American economist Paul Krugman, a Nobel laureate in 2008 and one of the most influential economists in the United States, has gone out on a limb to predict a worldwide recession this year.
Krugman said there's a decent chance the world economy is headed for a recession this year and not for a soft landing as other economists expect. Krugman said there are good reasons to be skeptical about the soft landing scenario, he told his audience at the World Government Summit in Dubai.
"I think that there is a quite good chance that we will have a recession late this year (or) next year," replied Krugman to when asked if investors should expect to see a recession in the coming months.
He did, however, agree with the conventional wisdom that economic growth worldwide is slowing, and will keep on slowing in the coming years. But, as a caveat, he said everybody has a bad track record with growth forecasts
Krugman said it's unlikely just "one big thing" will trigger an economic downturn. Instead, a range of economic headwinds will increase the likelihood of a slowdown.
He underscored president Donald Trump's massive tax cut stimulus that went into effect in 2018 as one area of concern, saying the tax cuts that mainly benefited the rich and corporations was "not very effective."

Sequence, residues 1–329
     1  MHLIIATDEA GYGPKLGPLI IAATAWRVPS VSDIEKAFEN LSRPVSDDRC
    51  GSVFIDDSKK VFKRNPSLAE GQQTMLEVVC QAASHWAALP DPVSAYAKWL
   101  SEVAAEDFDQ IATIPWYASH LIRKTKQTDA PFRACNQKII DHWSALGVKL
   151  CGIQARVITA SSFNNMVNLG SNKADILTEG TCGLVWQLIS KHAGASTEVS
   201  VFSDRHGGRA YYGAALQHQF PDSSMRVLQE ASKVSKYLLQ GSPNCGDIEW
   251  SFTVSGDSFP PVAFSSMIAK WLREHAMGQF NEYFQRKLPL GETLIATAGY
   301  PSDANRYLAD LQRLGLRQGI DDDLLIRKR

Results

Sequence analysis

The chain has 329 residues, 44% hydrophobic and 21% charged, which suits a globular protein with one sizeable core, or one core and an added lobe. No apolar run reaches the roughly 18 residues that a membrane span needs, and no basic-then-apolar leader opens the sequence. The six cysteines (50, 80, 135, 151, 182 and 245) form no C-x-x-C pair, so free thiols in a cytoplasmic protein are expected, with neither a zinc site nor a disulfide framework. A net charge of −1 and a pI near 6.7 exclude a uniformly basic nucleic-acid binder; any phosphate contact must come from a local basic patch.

Krugman also warned it was "starting to look like the bubble (caused by the tax cuts) may be deflating" when it comes to tech growth. Tech stocks took a heavy hammering on Wall Street in the fourth quarter of 2018. That bleeding continues today.
"The main concern has always been that we don't have an effective response if stuff slows down," said Krugman in reference to a recession. "The place that looks really close to recession right now is the euro area," he noted.
The European Commission released distressing data estimating euro zone growth will decelerate to 1.3 percent this year from 1.9 percent in 2018. Growth in the euro zone, however, is expected to rebound to 1.6 percent in 2020. Previous estimates were for a 1.9 percent growth this year and 1.7 percent in 2020.